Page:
It's a shame we’ll never know the exact number of Americans the Ford F-150 Lightning will introduce to the power of electric vehicles. There have been plenty of EVs released in the last decade, but market penetration still hovers in the low single digits. The great news here is that the F-150, America’s best-selling vehicle for decades, is particularly valuable as an ambassador for zero-emission technology, and America needs more EVs.
There's no question the Lighting will have the chops to impress this new audience, since Ford has made sure to wring it through the same battery of tests it puts all of its new F-150 models through. Part of that testing takes place at Ford's Michigan Proving Grounds, which is where I was able to take a ride in the F-150 Lightning last week. I may have seen it before President Biden did, but we had the same impression. "This sucker's quick," Biden said during a visit to Michigan this week. He's not wrong.
Straight-Line Speed, Capable In Curves
F-150 Lightning chief engineer Linda Zhang was my driver on the speed portion of the media demonstration and while trying to show me how quick it can get from zero to 60 miles per hour, which takes somewhere between 4 and 4.5 seconds, we got up to 80 mph before she realized she'd overshot her target, quietly and without any real effort. She laughed when I joked that a lot of people will be getting tickets in one of these EVs.
Zhang worked on the gas-powered F-150 before tackling the Lightning, so she knows what it takes to make a truck that keeps on being the best-selling vehicle, year after year. That sort of boring repetition doesn't mean her job wasn't enjoyable, though.
Gallery: 2022 Ford F-150 Lightning
"This is probably the most fun product I've worked on," she said. "It's hard to not enjoy 775 foot-pounds of torque and the 0-60 and passing times like we've got."
There will be hold-outs who will die on the hill that trucks need to make powerful, V8-type noises, but the F-150 Lightning will offer a lot of tricks that the gas-powered models simply can't. You can read about the truck's backup home-power option and other features (lockable, water-resistant frunk, anyone?) in our reveal article here.
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For example, compared to SUVs and CUVs, trucks tend to weigh more to deal with heavier loads, and they need massive amounts of torque to move their cargo. Well, more weight and tons of torque is exactly what an electric powertrain offers (a maximum of 775 pound-feet in the F-150 Lightning).
As a bonus, the automaker's FX4 capabilities from its internal combustion trucks are basically built into the Lightning by virtue of the electric powertrain. But, with a low center of gravity and more even weight distribution than in a gas-powered F-150, the Lightning is simply more stable, so you're not jostled as you would be in a standard pick-up truck. An independent rear suspension also helps with roadholding, as well as a ride that's less truck-like and more like a capable CUV.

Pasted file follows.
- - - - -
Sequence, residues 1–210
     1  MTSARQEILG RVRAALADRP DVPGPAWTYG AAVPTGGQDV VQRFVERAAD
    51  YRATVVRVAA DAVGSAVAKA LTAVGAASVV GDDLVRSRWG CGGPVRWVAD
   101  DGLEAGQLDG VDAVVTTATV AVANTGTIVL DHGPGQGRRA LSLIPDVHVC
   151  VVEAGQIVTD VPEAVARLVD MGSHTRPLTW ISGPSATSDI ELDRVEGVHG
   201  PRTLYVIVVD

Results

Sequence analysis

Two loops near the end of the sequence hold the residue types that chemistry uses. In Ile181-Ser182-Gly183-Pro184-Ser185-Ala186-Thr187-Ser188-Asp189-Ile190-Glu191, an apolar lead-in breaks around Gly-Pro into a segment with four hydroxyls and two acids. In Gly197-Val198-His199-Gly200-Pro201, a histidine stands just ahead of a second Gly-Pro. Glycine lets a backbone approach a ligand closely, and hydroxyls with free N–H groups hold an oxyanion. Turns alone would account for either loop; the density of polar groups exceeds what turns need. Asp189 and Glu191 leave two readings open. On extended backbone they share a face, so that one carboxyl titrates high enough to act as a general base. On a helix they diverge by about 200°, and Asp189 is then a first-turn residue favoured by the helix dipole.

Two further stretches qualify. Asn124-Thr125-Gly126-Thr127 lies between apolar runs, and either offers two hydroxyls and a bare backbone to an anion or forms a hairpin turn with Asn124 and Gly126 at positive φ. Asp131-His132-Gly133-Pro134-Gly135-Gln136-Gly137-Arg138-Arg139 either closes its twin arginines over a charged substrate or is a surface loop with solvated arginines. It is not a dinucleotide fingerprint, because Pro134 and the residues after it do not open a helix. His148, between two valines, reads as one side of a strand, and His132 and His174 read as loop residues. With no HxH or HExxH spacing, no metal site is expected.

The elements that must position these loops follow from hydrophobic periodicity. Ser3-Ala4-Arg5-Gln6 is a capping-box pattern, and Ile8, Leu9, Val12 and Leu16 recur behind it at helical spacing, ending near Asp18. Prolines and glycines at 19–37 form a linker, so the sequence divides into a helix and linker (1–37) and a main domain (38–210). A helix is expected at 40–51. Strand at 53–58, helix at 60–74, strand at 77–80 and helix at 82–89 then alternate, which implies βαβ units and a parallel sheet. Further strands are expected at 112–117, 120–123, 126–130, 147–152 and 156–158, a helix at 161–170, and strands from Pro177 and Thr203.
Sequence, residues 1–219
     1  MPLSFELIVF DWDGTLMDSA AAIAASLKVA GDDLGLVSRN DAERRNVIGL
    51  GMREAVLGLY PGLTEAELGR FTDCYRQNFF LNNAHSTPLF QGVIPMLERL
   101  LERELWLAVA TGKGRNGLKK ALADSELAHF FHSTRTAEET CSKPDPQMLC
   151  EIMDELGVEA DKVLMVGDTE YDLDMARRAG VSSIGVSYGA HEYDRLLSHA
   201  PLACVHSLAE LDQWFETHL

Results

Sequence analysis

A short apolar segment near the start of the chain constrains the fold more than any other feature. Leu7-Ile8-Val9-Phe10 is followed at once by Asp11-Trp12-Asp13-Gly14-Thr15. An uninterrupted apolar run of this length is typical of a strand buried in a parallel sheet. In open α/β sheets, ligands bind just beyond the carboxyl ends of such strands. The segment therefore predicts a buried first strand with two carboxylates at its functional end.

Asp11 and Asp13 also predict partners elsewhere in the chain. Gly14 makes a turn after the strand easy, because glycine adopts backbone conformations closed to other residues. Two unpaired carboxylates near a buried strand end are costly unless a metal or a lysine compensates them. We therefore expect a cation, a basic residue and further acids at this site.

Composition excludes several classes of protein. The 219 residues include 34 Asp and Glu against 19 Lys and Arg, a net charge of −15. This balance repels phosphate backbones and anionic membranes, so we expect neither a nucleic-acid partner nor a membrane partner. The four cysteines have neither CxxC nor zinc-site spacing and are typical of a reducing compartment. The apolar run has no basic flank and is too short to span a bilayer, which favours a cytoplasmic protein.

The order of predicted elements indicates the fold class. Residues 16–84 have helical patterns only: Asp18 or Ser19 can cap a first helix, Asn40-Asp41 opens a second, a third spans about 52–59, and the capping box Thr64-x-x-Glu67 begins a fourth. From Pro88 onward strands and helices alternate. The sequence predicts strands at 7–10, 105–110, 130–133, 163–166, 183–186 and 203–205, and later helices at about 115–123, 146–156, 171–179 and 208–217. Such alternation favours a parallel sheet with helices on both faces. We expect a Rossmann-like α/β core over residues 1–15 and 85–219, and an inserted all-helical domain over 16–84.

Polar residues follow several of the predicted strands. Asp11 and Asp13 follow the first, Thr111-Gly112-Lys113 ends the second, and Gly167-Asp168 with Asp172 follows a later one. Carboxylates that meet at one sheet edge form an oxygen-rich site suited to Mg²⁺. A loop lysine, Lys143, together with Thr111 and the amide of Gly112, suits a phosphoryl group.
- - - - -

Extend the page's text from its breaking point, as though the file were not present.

Truck Stuff, But Electric
I didn't actually get to drive the F-150 Lightning (Biden's got me beat there), but riding through the towing portion of the demonstration it was easy to tell the EV wasn't straining against the 6,000-pound load on the trailer. Instead, acceleration was nearly as effortless as it was without anything behind the truck. You feel the suspension work harder, but there weren’t bigger bounces than you would expect in any other truck with a trailer. The smooth track helped with this admittedly, but the F-150 Lightning has gone through millions of customer-equivalent test miles, so hopefully the towing experience will be okay on bumpy roads too.
The final demonstration featured the F-150 Lightning's off-road chops. While the EV certainly scraped its underside on the top of the same steep moguls that Ford uses to test the ICE F-150s, the skid plate under the entire vehicle – necessary to protect the battery and motors – did admirable double-duty keeping the truck mobile in these kinds of rough bumps. This is how some people use their trucks, and Ford made sure the F-150 Lightning will be able to handle those moments.
Unlike the various off-road drive modes in the conventional F-150, the Lightning version has a single "off-road" mode. Turning this on softens the initial pedal response, giving you more accelerator finesse so you're not spinning tires on loose surfaces. Off-road mode also changes the truck's traction control, stability control, torque delivery, and ABS calibration. The F-150 Lightning calculates wheel slip and then, taking torque, steering angle, and other factors into control, it decides where to send power when. That's what I was told, anyway. From the passenger seat, the truck simply felt overqualified for the test tracks we were on.
Ready To Roll
In short, spending a brief amount of time in the F-150 Lightning's passenger seat made it clear the company's first electric truck has earned the "Built Ford Tough" moniker. There's only so much one can experience in 45 minutes from a passenger seat, so my recommendation now is this: if you're not one of the early adopters who is ready to put down your $100 reservation fee, wait for these things to hit dealer lots and then take a ride – or, better yet, a drive. Whatever your political affiliation, my guess is you'll agree with President Biden's assessment about quick, powerful electric trucks.